“PATIENCE:” I was never patient. However, my body and my brain are recovering slowly. Hurry up already!

“MATH:” I cannot “do” math at all.  I can read financials but I cannot “calculate.” One of my therapists said, “Math is overrated.” And so it is.

“READING:” I miss reading. A lot! I can read again because years of “reading therapy,”. But, I do not enjoy it. Words used to flow in my mind to the pages. Now, I need to concentrate on every word. On the other hand, “listening” to a book is OK.

“PODCASTS:” have been a salvation for me. I listen to everything imaginable.    

“THERAPY:” I have “done” physical, occupational, speech, vision, acupuncture, hypnotherapy, and more. Years of therapy. Hundreds of hours! Thousands of hours on my own trying to be “back to normal.” Nonetheless, I have brain damage. But the brain is fascinating. The 80% of my brain that was not damaged is slowly developing neuro-pathways to accommodate my new brain possibilities.   

“MIASMA!” The term I use when I think about insurance, disability, social security, income, and the rest. Do you know that the average insurance policy covers 20 hours of rehabilitation? It does not matter what part of your body that is injured: 20 deplorable hours. “Injured knee? 20 hours of physical therapy. Here’s your bill!” A massive stroke where 20% of your brain is dead and you need years of therapy? “20 hours! And, do not let the hospital door hits you in your disabled ass when you leave because the insurance company wants you GONE!”     

“FRIENDS!” I have the greatest friends! I knew that before my strokes. However, people throughout the nation helped my family during those dark hours when I wept about everything including how to pay for therapy. My friends did everything. Grateful beyond words. Thank you all.

“NEW FRIENDSHIPS:” Through support groups, the “brain attack” network has given me an outlet to cry, laugh, learn, and just “be me.” So thankful for my follow stroke, aphasia, apraxia, etc. survivors. I am grateful to be on this voyage with you.

“FAMILY!” In one instant, my wife took care of everything. And she still does. She never let me give up hope. My brothers have been my rock throughout this unexpected journey. My extended family has supported me in so many ways including not overprotecting me. And our son. What can I say about Ethan, the little boy who on his 7th birthday helped me to the restroom when I was scared go alone the first night when I came home from the hospital? He had to grow up too soon, but he is such a great young man. Almost 11, he inspires me every day.  I love you Ethan!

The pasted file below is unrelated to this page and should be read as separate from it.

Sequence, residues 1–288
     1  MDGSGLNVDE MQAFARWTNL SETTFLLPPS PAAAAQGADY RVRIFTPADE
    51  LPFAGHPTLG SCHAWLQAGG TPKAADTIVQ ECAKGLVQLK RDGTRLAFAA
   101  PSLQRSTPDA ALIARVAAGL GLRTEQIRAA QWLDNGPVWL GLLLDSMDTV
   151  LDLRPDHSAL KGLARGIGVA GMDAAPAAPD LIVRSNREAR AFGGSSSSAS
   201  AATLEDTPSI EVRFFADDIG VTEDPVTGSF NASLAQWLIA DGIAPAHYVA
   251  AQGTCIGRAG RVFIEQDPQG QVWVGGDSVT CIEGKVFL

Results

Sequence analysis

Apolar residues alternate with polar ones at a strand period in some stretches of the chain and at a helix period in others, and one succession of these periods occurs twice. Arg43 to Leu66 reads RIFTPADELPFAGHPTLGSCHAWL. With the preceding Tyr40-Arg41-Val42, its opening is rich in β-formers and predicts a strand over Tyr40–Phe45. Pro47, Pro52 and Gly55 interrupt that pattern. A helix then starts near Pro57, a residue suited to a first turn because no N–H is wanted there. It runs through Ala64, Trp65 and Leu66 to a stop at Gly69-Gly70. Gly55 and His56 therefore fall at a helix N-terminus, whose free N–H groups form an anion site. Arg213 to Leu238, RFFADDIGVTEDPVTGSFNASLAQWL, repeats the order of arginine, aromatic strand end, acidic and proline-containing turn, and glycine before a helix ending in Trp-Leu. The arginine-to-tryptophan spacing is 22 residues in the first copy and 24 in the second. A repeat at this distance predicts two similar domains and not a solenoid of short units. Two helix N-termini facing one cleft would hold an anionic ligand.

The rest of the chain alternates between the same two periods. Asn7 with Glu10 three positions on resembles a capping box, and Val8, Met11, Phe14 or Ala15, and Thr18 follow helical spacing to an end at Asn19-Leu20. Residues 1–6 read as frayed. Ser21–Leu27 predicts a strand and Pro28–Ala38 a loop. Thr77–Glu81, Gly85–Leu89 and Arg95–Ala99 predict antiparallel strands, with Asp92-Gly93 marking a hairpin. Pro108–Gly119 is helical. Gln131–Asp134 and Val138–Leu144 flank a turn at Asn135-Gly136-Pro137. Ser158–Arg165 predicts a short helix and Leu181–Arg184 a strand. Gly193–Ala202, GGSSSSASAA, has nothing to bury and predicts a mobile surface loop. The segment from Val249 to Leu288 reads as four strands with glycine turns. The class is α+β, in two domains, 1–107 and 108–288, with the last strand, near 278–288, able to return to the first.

“DELIBERATE:” Every single day is hard. Simple things that I used to take for granted are challenging. Using a knife, using a pen, figuring a tip, applying toothpaste, writing a birthday card to my son, driving, etc. Typing this update will take me hours and leave me with headaches. Everything has to be very deliberate. And, I will make so many mistakes. However, now I let it go.  

“PRAYER!” When the second stroke happened, I could not reach the call button to cry out for the nurse. For two reasons: I was paralyzed so physically, I could not reach the button! Second, I lost my ability to speak in one instant. I could not yell! During that hour before the discovered me, I prayed for me. I prayed for my son. I prayed my wife. I prayed for my brothers. I prayed for Mom and my stepdad Karl. I actually prayed for death if I could not recover. But, my Dad, who had been dead almost 20 years, kept telling me “You will be fine. You cannot give up.” Since my strokes, so many people have told me that they prayed for me. I am eternally grateful for their prayers.    

“LOSS!” 2012 was the worst year. Ever. My two strokes in January. My stepdad’s failing health. My Mom, my rock, succumbing to ovarian cancer.  And then, my beloved parents dying 13 days apart in September. My wonderful Uncle Roy dying of a heart attack. I lost my career. I lost my identity. “Please! Just get the year over with!”

“HOPE!” Despite it all, I think my strokes were a blessing. I was so obsessed and driven to “succeed” I lost track of what “success” really means.

“Family. Friends. Helping others. Having meaning in your life.”  That is it.

And I do.